Representatives Mark Meadows (R-NC) and Jim Jordan (R-OH) led a group of 11 Republicans in introducing five articles of impeachment against Deputy Attorney General Rod Rosenstein Wednesday, July 25.
Liberty Nation’s Graham J. Noble predicted that this might happen after Rosenstein and FBI Director Christopher Wray faced a particularly scathing congressional hearing back in June. Rosenstein stands accused of intentionally withholding documents from Congress, failing to comply with congressional subpoenas, and abusing the Foreign Intelligence Surveillance Act (FISA).
The first article explains that a second Special Counsel in the Russian investigation had been requested multiple times for “apparent and actual” conflicts of interest, but denied each time. It further points out that Rosenstein signed the FBI’s application to renew FISA surveillance on Carter Page, making him a fact witness to the ongoing investigation of FISA abuse. Since this is a conflict of interest, he should have recused himself. Both issues constitute dereliction of duty, according to the GOP Representatives.
Article II accuses Rosenstein and the Department of Justice of refusing to produce documents as requested by the Committee on the Judiciary and the Committee on Oversight and Government Reform multiple times – in direct conflict with the constitutional duty of both committees to conduct oversight of both the FBI and the Department of Justice.
This article points out that Rosenstein seemed to ignore three letters requesting information, a subpoena, and a Memorandum-of-Understanding to expedite the turning over of the previously required documents. According to whistleblower documents provided to Congress in July 2018, the Rosenstein-led DOJ and FBI knowingly withheld information to avoid oversight.
Additionally, Special Counsel Robert Mueller has instructed material fact witnesses to refuse to release information under the jurisdiction of the joint investigation – even though much of that information was not law enforcement sensitive and was available through open source reporting. Finally, testimony given to the committees on July 13 revealed that the Department of Justice didn’t notify material fact witnesses of multiple congressional requests for testimony.
An in camera review of DOJ documents revealed that, under the supervision of Rod Rosenstein, the Department tried to conceal certain facts by heavily and unnecessarily redacting the documents. For example, they tried to hide the price of Deputy Director of the FBI Andrew McCabe’s $70,000 conference table merely because the information could be embarrassing.
They also concealed Peter Strzok’s personal relationship with FISC Judge Rudolph Contreras. They redacted the names of high-ranking Obama administration officials, like former House Chief of Staff Denis McDonough, and high-ranking FBI officials, like former Deputy Director Andrew McCabe.
The DOJ conceded that the redactions were needlessly heavy-handed, and agreed that some information should not have been redacted in a letter to Representatives Meadows and Jordan in April.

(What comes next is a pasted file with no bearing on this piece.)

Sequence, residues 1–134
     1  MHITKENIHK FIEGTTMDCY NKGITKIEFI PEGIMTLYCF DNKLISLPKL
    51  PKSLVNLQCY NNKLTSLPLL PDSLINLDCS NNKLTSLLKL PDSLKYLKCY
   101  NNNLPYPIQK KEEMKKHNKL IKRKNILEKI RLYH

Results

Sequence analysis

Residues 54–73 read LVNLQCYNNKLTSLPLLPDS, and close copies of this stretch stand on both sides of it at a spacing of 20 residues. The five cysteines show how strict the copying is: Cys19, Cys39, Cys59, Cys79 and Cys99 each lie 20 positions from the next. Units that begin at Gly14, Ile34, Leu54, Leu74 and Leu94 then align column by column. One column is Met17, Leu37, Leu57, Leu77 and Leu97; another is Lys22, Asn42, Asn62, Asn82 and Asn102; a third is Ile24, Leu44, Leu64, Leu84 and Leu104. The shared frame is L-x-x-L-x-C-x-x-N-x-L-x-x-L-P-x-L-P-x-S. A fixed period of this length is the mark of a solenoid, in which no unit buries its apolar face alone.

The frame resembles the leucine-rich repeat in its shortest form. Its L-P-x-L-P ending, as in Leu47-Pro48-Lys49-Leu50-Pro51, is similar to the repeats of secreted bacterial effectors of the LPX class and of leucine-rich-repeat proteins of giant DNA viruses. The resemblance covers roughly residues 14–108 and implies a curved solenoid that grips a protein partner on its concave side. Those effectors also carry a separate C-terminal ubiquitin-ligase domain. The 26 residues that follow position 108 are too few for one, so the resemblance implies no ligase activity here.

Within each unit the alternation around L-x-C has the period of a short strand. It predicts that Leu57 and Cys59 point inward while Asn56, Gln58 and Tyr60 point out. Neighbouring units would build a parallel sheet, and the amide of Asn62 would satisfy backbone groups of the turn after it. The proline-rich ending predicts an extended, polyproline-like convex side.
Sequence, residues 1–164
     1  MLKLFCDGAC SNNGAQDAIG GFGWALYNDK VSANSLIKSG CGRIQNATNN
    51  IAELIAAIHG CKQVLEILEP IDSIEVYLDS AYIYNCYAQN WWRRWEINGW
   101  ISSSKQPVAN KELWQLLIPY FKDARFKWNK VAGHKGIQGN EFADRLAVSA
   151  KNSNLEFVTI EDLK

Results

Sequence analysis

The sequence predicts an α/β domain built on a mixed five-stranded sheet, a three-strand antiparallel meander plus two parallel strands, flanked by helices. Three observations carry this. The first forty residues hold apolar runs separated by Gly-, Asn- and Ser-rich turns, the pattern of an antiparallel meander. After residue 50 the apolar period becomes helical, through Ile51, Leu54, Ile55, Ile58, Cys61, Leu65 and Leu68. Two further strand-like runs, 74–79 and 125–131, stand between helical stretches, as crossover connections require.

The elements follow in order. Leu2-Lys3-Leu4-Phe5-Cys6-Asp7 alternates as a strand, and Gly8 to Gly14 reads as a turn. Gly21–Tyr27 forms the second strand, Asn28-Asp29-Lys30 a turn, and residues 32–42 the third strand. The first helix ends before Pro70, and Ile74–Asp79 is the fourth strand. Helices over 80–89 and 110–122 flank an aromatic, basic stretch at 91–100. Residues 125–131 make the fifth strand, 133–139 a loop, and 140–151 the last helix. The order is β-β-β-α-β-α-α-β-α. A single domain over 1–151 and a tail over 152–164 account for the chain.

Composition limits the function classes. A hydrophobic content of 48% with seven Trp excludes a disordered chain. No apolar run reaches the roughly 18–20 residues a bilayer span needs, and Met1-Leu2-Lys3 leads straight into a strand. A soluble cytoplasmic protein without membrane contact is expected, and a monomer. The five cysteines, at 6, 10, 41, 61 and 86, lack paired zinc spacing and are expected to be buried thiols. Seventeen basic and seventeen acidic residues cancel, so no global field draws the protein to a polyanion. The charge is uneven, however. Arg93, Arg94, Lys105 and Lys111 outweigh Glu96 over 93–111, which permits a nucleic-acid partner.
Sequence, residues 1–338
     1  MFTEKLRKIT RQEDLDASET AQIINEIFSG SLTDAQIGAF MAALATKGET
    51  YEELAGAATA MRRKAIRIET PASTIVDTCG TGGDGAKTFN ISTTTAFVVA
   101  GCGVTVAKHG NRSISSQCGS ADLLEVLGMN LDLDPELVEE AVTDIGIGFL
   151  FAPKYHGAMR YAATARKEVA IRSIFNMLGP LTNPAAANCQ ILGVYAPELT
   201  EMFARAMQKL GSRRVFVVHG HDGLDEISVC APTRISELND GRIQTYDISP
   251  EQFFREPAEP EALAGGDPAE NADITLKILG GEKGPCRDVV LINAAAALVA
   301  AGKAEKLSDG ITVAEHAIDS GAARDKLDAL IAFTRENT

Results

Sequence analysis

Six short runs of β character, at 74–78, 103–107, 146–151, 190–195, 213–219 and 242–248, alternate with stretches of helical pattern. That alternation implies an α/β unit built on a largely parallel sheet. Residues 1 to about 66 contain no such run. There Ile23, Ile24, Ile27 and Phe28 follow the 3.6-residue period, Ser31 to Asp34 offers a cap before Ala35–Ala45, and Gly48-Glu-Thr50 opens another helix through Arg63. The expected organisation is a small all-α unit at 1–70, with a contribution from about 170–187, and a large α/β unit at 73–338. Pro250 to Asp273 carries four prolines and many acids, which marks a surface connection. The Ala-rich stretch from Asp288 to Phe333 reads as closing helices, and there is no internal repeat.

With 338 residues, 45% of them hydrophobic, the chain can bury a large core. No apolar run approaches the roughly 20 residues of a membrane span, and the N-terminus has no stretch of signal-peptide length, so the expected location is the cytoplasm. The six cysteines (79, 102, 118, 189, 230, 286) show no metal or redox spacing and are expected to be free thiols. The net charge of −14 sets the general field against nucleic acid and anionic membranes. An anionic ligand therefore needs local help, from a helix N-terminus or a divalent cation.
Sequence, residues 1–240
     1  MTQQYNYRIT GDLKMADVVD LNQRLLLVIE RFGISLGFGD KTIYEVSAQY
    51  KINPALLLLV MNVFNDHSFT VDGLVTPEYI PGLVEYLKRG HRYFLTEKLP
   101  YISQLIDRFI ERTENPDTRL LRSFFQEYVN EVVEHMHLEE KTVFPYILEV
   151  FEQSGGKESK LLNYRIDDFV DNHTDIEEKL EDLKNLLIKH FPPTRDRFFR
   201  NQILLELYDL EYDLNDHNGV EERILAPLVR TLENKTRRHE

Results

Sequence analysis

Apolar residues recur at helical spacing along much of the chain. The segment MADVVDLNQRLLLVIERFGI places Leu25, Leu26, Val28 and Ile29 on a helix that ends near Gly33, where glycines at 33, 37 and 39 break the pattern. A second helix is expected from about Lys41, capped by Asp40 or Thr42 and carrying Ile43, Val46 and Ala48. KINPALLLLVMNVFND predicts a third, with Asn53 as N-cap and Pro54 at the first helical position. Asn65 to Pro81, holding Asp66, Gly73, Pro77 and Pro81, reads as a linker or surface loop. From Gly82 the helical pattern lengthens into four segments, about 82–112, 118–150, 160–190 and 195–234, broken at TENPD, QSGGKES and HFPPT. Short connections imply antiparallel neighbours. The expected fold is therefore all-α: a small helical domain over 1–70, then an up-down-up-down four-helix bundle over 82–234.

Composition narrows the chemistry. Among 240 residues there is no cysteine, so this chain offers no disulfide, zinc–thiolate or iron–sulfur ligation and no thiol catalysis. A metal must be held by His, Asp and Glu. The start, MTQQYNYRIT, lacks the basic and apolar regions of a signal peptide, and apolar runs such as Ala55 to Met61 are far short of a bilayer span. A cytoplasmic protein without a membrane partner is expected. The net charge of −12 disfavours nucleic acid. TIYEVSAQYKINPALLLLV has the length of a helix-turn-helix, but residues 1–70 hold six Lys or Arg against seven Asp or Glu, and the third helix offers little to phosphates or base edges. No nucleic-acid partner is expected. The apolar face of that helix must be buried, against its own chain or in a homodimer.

When Deputy Attorney General Rosenstein appointed Mueller as the Special Counsel in May of 2017, he wrote a memo detailing the scope of the investigation. Again, in August of 2017, Rosenstein drafted a memo explaining the scope of the investigation, which began with “the following allegations were within the scope of the investigation at the time of your appointment and are within the scope of the order” – but nearly everything that followed was redacted. The lack of information raises concerns that Mueller might actually have been appointed based on a counterintelligence basis, rather than criminal, which would fall outside the regulations for special counsel investigations.
Additionally, the heavily redacted classified memo called into question the government’s basis for alleging collusion between the Trump campaign and Russia and whether these allegations resulted in crimes worthy of investigation. Despite the significant public interest and the constitutional authority of Congress to conduct oversight, Mr. Rosenstein continued to refuse to provide more information from the memos, even in classified meetings.
Rosenstein oversaw the authorization of FISA searches and electronic surveillance of Trump campaign members. It was under his supervision that the infamous Trump dossier compiled by Christopher Steele for the DNC and Hillary Clinton became a material part of the FISA application.
This article posits that it was Rosenstein who failed to properly vet the dossier and who intentionally obfuscated the fact that before the FISC, it was a piece of opposition research against Trump’s campaign. All of these actions and inactions by Rosenstein and those under his supervision destroyed the public’s confidence in the FISA process, as that confidence relates to the court’s ability to hold the government to the highest standard – especially in the surveillance of American citizens.
Rosenstein Not So Untouchable
Whether Rosenstein is guilty of all these allegations or not, as LN’s Leesa K. Donner explained, “there is reason to believe Rosenstein is guilty of abusing his power.” Regardless of how far these articles of impeachment go, it is clear now that the Rod Rosenstein’s power isn’t absolute – and that he’s not so untouchable after all.